The Gannet Q&A

Oliver Rowe

24th June 2016

Oliver Rowe is a London-born chef and author who works with seasonal ingredients. From 2004 to 2010, he ran a much-loved restaurant called Konstam at the Prince Albert in King’s Cross, where he focused heavily on produce that was local to London and northern European culinary traditions. His new book, Food for All Seasons, is a personal and informative wander through the year, exploring the narrative of seasonal food against the backdrop of his own experiences.

1. If you could revisit one meal in your life, which would it be?

There are so many meals I would love to go back to, for so many reasons. It is the occasion of food, the connection it creates, that I love almost as much the food itself. If pushed though, maybe the meal cooked with a group of international chefs gathered at the amazing Tuscan farm of an old friend after Salone del Gusto in 2010. Good friends, the finest of food and incredible surroundings.

2. What was your favourite food when you were 10?

Probably cucumbers. I didn’t like tomatoes back then so cucumbers were my refuge when it came to fresh vegetables and salads. I liked their freshness, their coolness… And macaroni cheese. My mum made the best macaroni cheese – still does.

3. What’s your greatest talent in the kitchen?

It’s often easier to know what your greatest failings are than your talents, but I would say that mine is instinct. I was taught to cook by Sam and Sam Clark [owners of Moro] in a kitchen that fostered an instinctive approach and I have always tried to remain true to that. I think you can have all the technique in the world, but if that isn’t underpinned by instinct, and creativity, then I think the food you produce will be dull, soulless.

4. What’s the best thing you cooked at home in the last month?

While I was developing a soup recipe for the Guardian a while back I made a butternut squash, watercress and ginger soup that was absolutely delicious. I am quite busy and so I eat out much more than I should and living alone means I’m not usually motivated to cook big meals, so I make lovely breakfasts and light lunches a lot. I made scrambled egg with home-made labneh and smoked anchovy on wild-yeast sourdough recently which was also pretty divine.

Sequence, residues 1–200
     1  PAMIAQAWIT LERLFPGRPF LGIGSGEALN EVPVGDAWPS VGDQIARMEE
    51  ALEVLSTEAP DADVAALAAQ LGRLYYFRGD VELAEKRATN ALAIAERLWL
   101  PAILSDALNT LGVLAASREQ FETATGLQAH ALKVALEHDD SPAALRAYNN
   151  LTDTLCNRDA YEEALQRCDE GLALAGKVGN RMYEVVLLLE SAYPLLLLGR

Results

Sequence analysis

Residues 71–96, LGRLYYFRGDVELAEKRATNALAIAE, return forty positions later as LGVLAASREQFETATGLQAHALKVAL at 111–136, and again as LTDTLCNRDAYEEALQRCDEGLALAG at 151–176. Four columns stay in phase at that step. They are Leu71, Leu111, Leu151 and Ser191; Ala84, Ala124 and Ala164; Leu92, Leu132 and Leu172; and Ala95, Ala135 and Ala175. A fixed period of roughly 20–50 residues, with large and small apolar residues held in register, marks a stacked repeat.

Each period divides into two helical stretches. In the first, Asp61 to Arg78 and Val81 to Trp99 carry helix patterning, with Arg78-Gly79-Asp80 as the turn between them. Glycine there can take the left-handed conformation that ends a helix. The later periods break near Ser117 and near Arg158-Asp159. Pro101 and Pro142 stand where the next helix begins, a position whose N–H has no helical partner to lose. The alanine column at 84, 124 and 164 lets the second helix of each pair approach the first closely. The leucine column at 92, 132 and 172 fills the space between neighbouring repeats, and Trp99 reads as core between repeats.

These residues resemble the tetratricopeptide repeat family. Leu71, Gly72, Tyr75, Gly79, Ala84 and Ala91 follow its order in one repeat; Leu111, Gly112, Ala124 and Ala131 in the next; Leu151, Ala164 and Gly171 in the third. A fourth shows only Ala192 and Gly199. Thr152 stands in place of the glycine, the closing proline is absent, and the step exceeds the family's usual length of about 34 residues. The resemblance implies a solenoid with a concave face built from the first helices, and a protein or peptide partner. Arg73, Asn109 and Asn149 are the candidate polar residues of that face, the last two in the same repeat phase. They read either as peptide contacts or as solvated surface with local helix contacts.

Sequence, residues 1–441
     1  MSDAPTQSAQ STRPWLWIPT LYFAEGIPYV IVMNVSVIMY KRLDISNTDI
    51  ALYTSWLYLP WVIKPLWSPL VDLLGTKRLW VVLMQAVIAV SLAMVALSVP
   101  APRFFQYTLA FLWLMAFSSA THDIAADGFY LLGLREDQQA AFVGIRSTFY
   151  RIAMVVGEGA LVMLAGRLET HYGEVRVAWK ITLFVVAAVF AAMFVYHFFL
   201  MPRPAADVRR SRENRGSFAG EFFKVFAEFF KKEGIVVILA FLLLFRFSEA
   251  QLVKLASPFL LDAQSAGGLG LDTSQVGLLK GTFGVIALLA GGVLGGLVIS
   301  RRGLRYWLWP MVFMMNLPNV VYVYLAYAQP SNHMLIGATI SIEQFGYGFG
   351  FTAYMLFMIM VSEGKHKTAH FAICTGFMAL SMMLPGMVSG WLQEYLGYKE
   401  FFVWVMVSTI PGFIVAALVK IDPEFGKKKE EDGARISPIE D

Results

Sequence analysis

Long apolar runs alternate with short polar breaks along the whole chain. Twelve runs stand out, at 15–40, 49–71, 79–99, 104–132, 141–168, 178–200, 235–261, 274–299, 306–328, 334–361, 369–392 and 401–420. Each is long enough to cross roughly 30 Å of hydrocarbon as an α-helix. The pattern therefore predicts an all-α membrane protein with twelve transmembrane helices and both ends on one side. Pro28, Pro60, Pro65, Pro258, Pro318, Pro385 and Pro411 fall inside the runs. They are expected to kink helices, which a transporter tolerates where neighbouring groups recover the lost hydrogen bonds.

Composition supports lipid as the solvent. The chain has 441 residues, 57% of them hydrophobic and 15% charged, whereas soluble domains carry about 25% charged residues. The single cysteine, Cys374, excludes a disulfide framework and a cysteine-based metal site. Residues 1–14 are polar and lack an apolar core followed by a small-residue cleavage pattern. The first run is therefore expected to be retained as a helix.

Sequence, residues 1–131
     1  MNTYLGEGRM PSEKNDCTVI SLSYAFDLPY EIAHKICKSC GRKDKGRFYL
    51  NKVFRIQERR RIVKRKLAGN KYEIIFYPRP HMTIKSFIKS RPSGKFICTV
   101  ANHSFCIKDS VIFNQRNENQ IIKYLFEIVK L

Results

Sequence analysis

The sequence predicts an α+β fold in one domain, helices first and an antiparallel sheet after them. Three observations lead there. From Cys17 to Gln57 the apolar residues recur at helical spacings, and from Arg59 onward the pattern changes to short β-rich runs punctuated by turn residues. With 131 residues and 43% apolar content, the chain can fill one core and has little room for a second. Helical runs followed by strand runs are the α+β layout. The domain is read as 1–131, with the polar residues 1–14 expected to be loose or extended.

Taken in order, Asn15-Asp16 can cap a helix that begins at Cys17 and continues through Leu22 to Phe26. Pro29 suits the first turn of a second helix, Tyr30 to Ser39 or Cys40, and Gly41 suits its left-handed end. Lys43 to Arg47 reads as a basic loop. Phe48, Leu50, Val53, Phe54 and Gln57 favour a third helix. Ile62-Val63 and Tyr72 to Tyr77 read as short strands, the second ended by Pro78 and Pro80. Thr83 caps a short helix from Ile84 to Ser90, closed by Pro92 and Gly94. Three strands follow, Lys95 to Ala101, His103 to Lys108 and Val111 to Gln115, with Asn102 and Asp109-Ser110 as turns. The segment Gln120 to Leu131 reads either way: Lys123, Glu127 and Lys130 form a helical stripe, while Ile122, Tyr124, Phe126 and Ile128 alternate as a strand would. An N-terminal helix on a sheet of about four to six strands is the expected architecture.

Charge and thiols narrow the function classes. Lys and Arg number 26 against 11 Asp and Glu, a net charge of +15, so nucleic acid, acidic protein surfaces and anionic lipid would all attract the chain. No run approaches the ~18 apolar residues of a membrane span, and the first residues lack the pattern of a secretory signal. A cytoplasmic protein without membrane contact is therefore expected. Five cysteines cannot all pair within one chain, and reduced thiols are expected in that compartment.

From my working breakfast this morning with @borsch_and_no_tears as we start getting ready for our Mr Fox #KinoVino tomorrow! Eggs scrambled with some home-made labneh, topped with smoked sardines from @brindisaspanishfoods

A photo posted by Oliver Rowe (@oliver_rowe_london) on

5. What do you listen to when you’re cooking?

I love the sounds that cooking makes so I quite often don’t have any music when I’m cooking at home, and often work professionally in open kitchens, but if I am listening to anything it’s either Radio 4 or a wide range of music from William Basinski to the Beatles – recently we were prepping whilst listening to Peter and the Wolf by Prokofiev. The album that has probably rocked my world the most in the last year or two is Jungle, by Jungle. Never tire of it, or the videos.

6. What ingredient or food product are you currently obsessed with?

My ingredient obsessions change with the seasons so it can sometimes be quite a quick cycle of change. I’m recently over asparagus and am looking forward to gooseberries. Peas have been dominant in June.

Podding peas, podding peas, podding peas… Summer's labour. Ready for my launch tonight – chilled pea and bacon soup from my book! #FoodforAllSeasons.

A photo posted by Oliver Rowe (@oliver_rowe_london) on

7. Describe a kitchen object you can’t live without.